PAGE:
By Chris Kieffer
TUPELO – Teenagers often hear of the dangers of texting while driving, but some Tupelo High students had an opportunity on Wednesday to experience them firsthand.
AT&T brought a simulator to the school’s rubber-floor gym for driver’s education students. It looked like an arcade game – with a chair facing a large computer screen, plus a steering wheel and pedals. The difference was this machine also came with a phone for students to attempt to exchange messages while steering.
They did not last long before crashing.
“It was really hard trying to keep in your lane and looking at the message,” said sophomore Hannah Hudson, 15. “I swerved on the side of the road.
“Knowing that can happen makes you not want to do it.”
Tupelo was the first Mississippi school AT&T visited with its “Texting and Driving…It Can Wait” campaign, which will visit schools across the nation between March and October. Students also were asked to sign a pledge that they wouldn’t read or send messages while operating a vehicle.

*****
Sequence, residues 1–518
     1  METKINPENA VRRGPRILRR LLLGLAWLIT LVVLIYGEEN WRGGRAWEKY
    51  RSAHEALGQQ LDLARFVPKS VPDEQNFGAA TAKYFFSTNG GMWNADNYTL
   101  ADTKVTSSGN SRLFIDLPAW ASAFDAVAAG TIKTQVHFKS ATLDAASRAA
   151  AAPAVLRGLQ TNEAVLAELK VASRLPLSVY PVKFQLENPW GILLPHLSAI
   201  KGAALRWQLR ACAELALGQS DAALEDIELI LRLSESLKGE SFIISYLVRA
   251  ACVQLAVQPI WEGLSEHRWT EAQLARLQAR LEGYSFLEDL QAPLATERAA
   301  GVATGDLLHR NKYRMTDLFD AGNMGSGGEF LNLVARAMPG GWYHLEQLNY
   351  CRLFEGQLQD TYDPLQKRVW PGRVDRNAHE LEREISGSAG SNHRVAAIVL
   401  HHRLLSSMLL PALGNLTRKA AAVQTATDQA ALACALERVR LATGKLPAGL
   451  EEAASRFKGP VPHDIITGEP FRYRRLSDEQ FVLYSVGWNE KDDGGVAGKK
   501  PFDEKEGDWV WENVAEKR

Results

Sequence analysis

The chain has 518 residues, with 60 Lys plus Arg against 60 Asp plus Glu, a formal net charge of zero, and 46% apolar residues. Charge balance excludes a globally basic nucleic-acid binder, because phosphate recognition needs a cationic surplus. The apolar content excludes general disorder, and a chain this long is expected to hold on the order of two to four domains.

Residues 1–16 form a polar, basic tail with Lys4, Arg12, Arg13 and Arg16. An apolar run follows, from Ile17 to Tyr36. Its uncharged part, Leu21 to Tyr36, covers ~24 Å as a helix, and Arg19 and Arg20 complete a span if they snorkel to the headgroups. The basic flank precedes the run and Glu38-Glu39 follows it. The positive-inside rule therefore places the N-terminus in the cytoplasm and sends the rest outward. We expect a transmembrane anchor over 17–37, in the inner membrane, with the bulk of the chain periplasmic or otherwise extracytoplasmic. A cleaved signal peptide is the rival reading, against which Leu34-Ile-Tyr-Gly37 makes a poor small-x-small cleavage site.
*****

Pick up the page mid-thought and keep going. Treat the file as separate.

“We are trying to show these new drivers the danger of texting while driving,” said Gunner Goad, regional director of external affairs for AT&T. “This simulator shows what happens if you text and a car pulls out. It is a bad epidemic, and we are definitely behind no texting while driving.”
The campaign also includes a website, www.itcanwait.com, which includes an online version of the simulator.
“It was much more difficult than I expected,” said THS sophomore Sam Russell, 15. “I’ll be less likely to text now that I see what happens.”
More than 100,000 vehicle crashes occur annually because of texting while driving, according to National Safety Council figures provided by AT&T.
“It makes it more realistic when you can put a real-life situation in front of them,” said Tupelo Police Cpl. Jon Bramble, a school resource officer. “Instead of us talking, you can give a hands-on demonstration and show the damage.”